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I'm not sure what the error means, but do you have any indication that there might be memory pressure? Is the odbc driver 32 or 64 bit? As for how memory is managed in an SSIS dataflow, SSIS will use DefaultBufferMaxSize and DefaultBufferMaxRows as boundaries for how many rows will allocated for each buffer. Using the defaults, it will either be up to 10 ...


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I have found the answer. Thanks to the whitepaper from SQLBI with extensive examples and explanations - http://www.sqlbi.com/wp-content/uploads/The_Many-to-Many_Revolution_2.0.pdf


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Here is the script if you just want the view you described: CREATE VIEW v_name as SELECT ClientId, RefAd1, [Cluster Start Date], ( SELECT min([Cluster Start Date]) FROM yourTable WHERE t.[Cluster Start Date] < [Cluster Start Date] ) as [Cluster End Date] FROM yourtable t


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Use Self join to get next record ;WITH CTE AS ( SELECT ROW_NUMBER() OVER(ORDER BY [Cluster Start Date])RNO,* FROM YOURTABLE ) SELECT C1.ClientID,C1.RefAd1,C1.[Cluster Start Date],C2.[Cluster Start Date] [Cluster End Date] FROM CTE C1 LEFT JOIN CTE C2 ON C1.RNO=C2.RNO-1 Click here to view result EDIT : To update the table, you can use the ...


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You've got single quotes around the column names inside your CONVERT expression - this is not right if you are referring to the columns. You also don't need the CONVERT for the value that is already a DATETIME. WITH cte ( DateCreation, DateAchat ) AS ( SELECT Convert(datetime, DateCreation, 120), -- varchar Convert(datetime, DateAchat, 103) -- ...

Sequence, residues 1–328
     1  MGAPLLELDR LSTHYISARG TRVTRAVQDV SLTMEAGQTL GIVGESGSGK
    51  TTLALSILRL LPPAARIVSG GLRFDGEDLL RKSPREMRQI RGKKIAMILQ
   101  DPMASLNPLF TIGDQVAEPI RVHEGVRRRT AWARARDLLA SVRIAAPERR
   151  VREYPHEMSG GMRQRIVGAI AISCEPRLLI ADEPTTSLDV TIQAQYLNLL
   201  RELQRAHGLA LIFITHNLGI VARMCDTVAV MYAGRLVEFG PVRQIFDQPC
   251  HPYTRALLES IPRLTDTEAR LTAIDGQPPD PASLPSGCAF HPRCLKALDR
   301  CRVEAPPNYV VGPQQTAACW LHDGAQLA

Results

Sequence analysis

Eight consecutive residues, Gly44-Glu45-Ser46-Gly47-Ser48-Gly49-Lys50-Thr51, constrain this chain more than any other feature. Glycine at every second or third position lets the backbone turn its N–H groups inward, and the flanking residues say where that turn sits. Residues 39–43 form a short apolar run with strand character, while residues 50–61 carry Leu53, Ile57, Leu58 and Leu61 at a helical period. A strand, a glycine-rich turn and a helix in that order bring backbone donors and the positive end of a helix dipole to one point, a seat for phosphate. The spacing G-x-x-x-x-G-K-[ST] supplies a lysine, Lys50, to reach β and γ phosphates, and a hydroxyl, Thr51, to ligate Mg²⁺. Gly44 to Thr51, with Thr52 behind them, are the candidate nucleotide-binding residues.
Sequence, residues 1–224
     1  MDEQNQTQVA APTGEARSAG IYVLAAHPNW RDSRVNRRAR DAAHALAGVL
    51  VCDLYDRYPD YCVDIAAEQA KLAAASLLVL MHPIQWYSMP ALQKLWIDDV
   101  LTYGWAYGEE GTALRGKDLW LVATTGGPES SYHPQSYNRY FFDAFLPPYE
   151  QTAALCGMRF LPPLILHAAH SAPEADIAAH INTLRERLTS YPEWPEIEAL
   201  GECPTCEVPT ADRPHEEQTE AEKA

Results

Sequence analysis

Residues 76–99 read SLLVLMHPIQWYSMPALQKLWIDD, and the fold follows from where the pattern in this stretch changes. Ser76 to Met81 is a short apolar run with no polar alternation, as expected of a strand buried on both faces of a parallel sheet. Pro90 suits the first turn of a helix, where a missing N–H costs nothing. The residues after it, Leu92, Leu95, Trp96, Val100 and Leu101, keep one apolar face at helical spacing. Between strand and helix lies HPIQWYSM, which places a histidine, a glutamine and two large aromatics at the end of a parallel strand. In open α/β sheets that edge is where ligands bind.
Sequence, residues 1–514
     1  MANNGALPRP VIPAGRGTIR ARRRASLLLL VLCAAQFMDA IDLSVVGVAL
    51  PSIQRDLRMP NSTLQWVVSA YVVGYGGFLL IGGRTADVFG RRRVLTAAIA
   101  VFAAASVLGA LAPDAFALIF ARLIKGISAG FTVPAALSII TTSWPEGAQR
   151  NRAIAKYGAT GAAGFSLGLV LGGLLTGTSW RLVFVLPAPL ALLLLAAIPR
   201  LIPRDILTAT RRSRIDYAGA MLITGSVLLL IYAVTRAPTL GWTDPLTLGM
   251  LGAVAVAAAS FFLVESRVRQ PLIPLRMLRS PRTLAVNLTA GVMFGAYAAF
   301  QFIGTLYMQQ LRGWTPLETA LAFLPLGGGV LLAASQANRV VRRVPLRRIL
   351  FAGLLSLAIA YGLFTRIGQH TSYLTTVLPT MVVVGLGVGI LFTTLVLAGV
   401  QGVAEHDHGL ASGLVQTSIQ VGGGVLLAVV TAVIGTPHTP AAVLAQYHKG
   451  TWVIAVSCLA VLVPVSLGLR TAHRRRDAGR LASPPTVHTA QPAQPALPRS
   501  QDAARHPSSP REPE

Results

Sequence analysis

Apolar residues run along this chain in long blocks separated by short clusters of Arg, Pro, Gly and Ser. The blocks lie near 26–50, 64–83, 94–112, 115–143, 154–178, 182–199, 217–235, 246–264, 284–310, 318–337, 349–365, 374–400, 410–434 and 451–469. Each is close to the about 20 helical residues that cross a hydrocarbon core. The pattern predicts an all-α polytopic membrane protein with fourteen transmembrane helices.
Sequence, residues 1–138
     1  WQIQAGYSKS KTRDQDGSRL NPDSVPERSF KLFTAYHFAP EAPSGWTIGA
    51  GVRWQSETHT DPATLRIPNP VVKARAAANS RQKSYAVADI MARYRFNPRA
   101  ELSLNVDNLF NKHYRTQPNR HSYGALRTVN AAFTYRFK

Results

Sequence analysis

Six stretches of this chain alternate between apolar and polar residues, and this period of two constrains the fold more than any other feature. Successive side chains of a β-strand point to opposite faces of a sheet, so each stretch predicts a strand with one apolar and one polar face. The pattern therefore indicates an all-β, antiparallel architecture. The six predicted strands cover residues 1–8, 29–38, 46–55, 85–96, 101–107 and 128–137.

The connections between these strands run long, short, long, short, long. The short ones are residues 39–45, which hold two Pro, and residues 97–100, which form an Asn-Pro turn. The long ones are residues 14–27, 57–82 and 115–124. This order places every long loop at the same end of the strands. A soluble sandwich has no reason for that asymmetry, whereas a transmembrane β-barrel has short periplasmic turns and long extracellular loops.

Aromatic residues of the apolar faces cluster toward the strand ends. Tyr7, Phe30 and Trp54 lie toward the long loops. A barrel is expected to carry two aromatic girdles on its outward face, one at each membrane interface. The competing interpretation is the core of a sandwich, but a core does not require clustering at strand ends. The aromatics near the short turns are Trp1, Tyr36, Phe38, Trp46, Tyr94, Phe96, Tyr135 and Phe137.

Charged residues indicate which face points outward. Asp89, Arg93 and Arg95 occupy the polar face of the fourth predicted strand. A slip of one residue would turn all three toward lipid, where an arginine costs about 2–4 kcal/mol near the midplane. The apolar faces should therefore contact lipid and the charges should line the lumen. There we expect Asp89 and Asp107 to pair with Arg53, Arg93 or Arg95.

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Use exists operator to find the name which are duplicated. Try this. ;WITH cte AS ( SELECT 1 AS id , 'john' AS name, 10 AS age UNION SELECT 2 AS id , 'john' AS name, 10 AS age UNION SELECT 3 AS id , 'john' AS name, 12 AS age UNION SELECT 4 AS id , 'paul' AS name, 6 AS age UNION SELECT 5 AS id , 'paul ' AS ...


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This is alternate option to understand. The same you achieve COALESCE as @wewesthemenace suggested. SELECT PACK_CD, DATE = case when isnull(ETDT,'') != '' then ETDT else case when isnull(PPDT,'') != '' then PPDT else PDT end end ...


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Use COALESCE: SELECT PACK_CD, DATE = COALESCE(ETDT, PPDT, PDT) FROM [YourTable] If you want to show only those rows with NULL column, just add a WHERE clause: WHERE ETDT IS NULL OR PPDT IS NULL OR PDT IS NULL


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Your problem is that the read time is significant, not that the query is slow. You can tell because the I/O cost is almost the entire query cost. (The subtree cost includes the Operator cost, and the Operator cost includes the I/O cost. So it's being driven by I/O Cost. That's why indexing doesn't really help.) This may be related to the speed of the drives ...


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So you want all field1 values that have a field2 value in (2,3) and no other values? Just add a NOT EXISTS: select * from table1 where field1 = 1 and field2 in(2,3) and NOT EXISTS ( SELECT null FROM table1 where field1 = 1 and field2 NOT in (2,3) )


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You could compare the overall count of rows where field1 is 1 and the count of the rows where field1 is 1 and field 2 is (2,3). If the values match then its TRUE else FALSE Setup: SELECT * INTO #TBLA FROM ( select 1 field1, 2 field2 UNION ALL select 1 field1, 3 field2 UNION ALL select 1 field1, 4 field2 ) A Query: SELECT CASE WHEN COUNT(*) - ...


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The best way to do this is probably not to do it :) You need to find out from the client precisely why they want to do this. More often than not people store bulk data like this because they think they should, then never ever look at it. If you need to store this data, for how long, and what's the archiving process going to be? As mentioned elsewhere storing ...